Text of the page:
Wargame: Red Dragon
A game that takes a different approach to modern conflict is Wargame: Red Dragon. Like with most military games, the game is all about showcasing the technology of the modern military. It boasts a record-holding twenty-one factions with over 2,000 distinct units spread across them for you to combine into a deck that you then use as your troop pool in the game’s real-time strategy battles.
This staggering amount of content may seem like it would lead to exciting battles, but it’s the lack of excitement that makes Wargame: Red Dragon so unique. Battles in the game are almost always weirdly boring affairs. You spawn your units, move them to locations and hold positions to gain points. Once you have enough points, the battle is over. It’s possible to have entire sessions where you and your enemy don’t engage at all, or more commonly, where you only engage with indirect fire. You send scouts to find out where the enemy artillery is, then you use your artillery to blow it up while moving around to avoid getting detected. At no point should two direct-fire units, such as infantry or tanks, ever actually shoot at one another.
The result is a game that requires an insane amount of patience to play. Sending a special forces unit across the field often takes twenty minutes, wherein you’ll do nothing but twiddle your thumbs. Then, when those units find something, you’ll bomb it for a few seconds before starting the process all over. As a whole, Wargame: Red Dragon is a boring game even by strategy game standards, which sends a message about just how “cool” war can be.
The boringness of conflict, and the anti-war war game mentality as a whole, is showcased by no better game than Arma 3. As the commercial version of VBS3 training software that the US Military uses, it would be easy to write Arma off as something more pro-conflict than Battlefield. This would be something that’s made easier by the generic “America good” single-player campaign and massive amount of military technology on display.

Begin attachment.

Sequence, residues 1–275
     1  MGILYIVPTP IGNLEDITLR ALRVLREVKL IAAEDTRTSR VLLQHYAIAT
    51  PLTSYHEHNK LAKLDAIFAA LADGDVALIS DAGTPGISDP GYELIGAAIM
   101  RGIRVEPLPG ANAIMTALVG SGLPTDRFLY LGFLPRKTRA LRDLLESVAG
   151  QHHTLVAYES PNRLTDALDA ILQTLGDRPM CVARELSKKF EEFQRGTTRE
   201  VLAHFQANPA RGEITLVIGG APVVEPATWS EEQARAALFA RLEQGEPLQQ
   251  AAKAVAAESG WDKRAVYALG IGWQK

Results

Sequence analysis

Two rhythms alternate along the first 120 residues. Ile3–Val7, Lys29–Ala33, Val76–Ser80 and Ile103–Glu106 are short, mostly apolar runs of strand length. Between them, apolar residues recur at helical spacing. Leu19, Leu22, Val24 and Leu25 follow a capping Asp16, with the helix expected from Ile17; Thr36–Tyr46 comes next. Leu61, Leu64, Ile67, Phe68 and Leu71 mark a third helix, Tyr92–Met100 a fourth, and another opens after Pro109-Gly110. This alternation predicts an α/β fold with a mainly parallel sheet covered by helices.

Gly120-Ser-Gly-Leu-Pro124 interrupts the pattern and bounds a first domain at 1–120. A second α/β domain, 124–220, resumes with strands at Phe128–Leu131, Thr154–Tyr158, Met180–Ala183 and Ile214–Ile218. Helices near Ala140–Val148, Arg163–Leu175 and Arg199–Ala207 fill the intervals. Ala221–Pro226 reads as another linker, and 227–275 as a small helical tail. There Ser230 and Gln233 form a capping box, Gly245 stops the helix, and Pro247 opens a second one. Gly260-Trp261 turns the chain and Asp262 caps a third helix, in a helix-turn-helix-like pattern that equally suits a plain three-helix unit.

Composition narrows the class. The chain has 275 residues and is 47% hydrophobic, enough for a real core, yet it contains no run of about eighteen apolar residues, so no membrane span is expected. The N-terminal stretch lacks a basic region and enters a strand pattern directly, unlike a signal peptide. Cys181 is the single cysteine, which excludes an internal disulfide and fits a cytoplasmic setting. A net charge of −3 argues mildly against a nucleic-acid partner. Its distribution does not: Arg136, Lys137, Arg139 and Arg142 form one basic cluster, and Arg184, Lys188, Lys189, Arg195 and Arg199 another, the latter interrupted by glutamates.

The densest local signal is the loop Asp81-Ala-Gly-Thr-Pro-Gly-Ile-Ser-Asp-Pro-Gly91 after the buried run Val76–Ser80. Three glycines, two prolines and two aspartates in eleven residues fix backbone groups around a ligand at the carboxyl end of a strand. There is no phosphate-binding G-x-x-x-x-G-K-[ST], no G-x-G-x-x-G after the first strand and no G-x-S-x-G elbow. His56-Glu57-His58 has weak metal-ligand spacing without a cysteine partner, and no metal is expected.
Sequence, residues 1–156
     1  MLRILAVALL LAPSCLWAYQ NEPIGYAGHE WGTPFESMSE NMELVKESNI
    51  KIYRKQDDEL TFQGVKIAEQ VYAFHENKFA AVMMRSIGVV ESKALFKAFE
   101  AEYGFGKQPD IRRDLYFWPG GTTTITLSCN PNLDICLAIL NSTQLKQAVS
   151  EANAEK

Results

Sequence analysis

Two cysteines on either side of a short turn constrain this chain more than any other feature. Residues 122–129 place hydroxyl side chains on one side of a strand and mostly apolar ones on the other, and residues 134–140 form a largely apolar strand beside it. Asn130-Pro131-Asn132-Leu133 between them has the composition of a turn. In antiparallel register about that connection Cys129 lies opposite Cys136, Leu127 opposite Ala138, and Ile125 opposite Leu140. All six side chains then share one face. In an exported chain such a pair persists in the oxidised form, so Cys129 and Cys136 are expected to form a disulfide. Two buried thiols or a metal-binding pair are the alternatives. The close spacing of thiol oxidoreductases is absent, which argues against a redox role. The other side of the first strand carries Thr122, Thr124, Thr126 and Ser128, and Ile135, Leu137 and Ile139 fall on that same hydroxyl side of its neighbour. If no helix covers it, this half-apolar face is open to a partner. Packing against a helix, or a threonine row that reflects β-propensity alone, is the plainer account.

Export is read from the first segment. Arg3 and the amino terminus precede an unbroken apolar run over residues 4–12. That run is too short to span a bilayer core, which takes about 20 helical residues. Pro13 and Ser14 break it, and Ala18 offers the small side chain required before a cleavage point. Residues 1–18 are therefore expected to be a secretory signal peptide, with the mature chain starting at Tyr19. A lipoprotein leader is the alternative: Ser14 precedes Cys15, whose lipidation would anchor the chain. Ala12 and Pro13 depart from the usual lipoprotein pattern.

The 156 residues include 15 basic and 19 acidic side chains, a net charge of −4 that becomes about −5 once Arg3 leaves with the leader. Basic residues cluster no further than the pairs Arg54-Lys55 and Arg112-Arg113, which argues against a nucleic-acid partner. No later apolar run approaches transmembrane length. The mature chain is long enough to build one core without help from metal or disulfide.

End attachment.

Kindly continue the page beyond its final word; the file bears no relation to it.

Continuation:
Once you leave the campaign behind, however, the game becomes one of the most unappealing shooters on the market. Within the game, most of the community plays in clans. These clans organise their players into real military structures and have them going on missions that are similarly realistic. Like with the previous two games, then, the result is something that may seem cool but in reality is just boring.
In these missions, you will probably never see your enemy. You may see a tank move a kilometre away, but most of your time in the game will be spent unloading magazines into places where enemies should technically be. The guns you use to shoot empty buildings, too, are simply unenjoyable to use. This makes for a game that’s simply not fun to play at best and tedious at worst.
Many veterans say that this is the most realistic depiction of warfare available, too, so with that in mind it’s hard to see the appeal of conflict regardless of what many other games try to say about the issue. The game sends the strongest anti-war message of almost anything in this medium while remaining very, very pro-war on the surface.
All three of these games, then, do a good job at defying the often pro-war medium standard. None of them explicitly tell you that conflict is bad, but instead allow you to experience it through their gameplay and come to your own conclusions. When World War 3 seems to be drawing closer every day, it’s important that games like these exist so that people can see the true ugliness of conflict before anyone goes into combat expecting it to be as fun as Battlefield.